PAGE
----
Will AAP vs LG end today? Supreme Court set to rule on who really runs Delhi

The Supreme Court had said in November 2017 that the Delhi government requires the approval of the Lieutenant Governor to function.

Will AAP vs LG end today? Supreme Court set to rule on who really runs Delhi
File picture.

NEW DELHI: The Supreme Court is expected to deliver its verdict on one of the most contentious political questions in recent years - who really rules Delhi? The power tussle, which is been especially underscored since the Aam Aadmi Party (AAP) took power in 2015, is likely to be brought to a conclusion today.

The Supreme Court will be delivering its verdict on the AAP's plea against an order by Delhi High Court which in August 2016 clearly identified the Lieutenant Governor (LG) as the administrative head of the Government of the National Capital Territory of Delhi (GNTCD). The Delhi HC had said the LG governs Delhi with advice from the Chief Minister and his/her cabinet.

The battle for control of Delhi's government has been a key area of focus and disruption for the AAP government, which has twice campaigned on a platform that promises full statehood to Delhi. Presently, Delhi is a Union Territory, which gives a large degree of administrative power to the Ministry of Home Affairs (MHA). This has seen the AAP periodically accuse the BJP government at the Centre of not allowing it, an elected government, to run the city-state.

This has meant that though Delhi has an elected Assembly, its Chief Minister or his/her cabinet do not enjoy the same administrative power as their counterparts in India's 'full' states. The Delhi government also does not have control some high-visibility fields, like the police.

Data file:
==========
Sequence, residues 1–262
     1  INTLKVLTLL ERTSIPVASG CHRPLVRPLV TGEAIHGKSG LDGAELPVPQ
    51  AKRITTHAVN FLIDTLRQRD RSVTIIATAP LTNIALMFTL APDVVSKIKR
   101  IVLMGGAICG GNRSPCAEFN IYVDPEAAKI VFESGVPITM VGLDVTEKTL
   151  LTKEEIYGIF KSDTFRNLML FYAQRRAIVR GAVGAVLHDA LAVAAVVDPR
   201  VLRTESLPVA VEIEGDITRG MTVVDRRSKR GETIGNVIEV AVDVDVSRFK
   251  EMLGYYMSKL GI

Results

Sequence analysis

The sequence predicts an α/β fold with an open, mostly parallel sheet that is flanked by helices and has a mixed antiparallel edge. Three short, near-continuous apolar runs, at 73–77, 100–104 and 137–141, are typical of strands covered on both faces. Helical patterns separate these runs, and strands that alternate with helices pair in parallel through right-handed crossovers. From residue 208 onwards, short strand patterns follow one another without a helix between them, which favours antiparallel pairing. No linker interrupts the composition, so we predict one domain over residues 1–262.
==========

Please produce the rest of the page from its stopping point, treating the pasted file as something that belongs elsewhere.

A five-judge Constitution Bench of the Supreme Court had in November 2017 said the elected government of Delhi needs the approval of the LG to run the city-state. But, it added, the LG does not have the power to unreasonably delay files. Chief Justice Dipak Mishra and justices AK Sikri, AM Khanwilkar, DY Chandrachud and Ashok Bhushan had reserved verdict in the case after hearing the case for 15 days.

The verdict is expected to come just a week after Delhi Chief Minister Arvind Kejriwal, his deputy Manish Sisodia and other ministers conducted a sit-in protest at the residence of the LG, calling for an end to what they called an 'undeclared strike' by IAS officers.

The Supreme Court verdict would also have repercussions in Puducherry (formerly Pondicherry), where the elected Congress government has been locked on a similar battle for control with LG Kiran Bedi.

 

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